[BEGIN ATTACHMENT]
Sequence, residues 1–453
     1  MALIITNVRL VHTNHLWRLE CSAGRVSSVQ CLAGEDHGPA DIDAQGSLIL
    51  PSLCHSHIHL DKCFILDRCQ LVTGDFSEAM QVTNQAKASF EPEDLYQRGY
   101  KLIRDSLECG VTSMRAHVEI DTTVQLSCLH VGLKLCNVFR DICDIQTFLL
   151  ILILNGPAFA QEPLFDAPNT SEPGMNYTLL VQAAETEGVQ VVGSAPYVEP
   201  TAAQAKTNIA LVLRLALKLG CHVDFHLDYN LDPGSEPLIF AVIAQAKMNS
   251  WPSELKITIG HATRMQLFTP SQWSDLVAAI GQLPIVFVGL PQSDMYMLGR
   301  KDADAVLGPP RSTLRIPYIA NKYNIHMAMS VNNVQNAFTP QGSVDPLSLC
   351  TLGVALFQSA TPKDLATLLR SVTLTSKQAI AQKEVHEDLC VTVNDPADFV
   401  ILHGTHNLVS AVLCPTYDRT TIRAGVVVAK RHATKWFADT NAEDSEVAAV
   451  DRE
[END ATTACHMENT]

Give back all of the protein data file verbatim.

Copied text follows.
Sequence, residues 1–453
     1  MALIITNVRL VHTNHLWRLE CSAGRVSSVQ CLAGEDHGPA DIDAQGSLIL
    51  PSLCHSHIHL DKCFILDRCQ LVTGDFSEAM QVTNQAKASF EPEDLYQRGY
   101  KLIRDSLECG VTSMRAHVEI DTTVQLSCLH VGLKLCNVFR DICDIQTFLL
   151  ILILNGPAFA QEPLFDAPNT SEPGMNYTLL VQAAETEGVQ VVGSAPYVEP
   201  TAAQAKTNIA LVLRLALKLG CHVDFHLDYN LDPGSEPLIF AVIAQAKMNS
   251  WPSELKITIG HATRMQLFTP SQWSDLVAAI GQLPIVFVGL PQSDMYMLGR
   301  KDADAVLGPP RSTLRIPYIA NKYNIHMAMS VNNVQNAFTP QGSVDPLSLC
   351  TLGVALFQSA TPKDLATLLR SVTLTSKQAI AQKEVHEDLC VTVNDPADFV
   401  ILHGTHNLVS AVLCPTYDRT TIRAGVVVAK RHATKWFADT NAEDSEVAAV
   451  DRE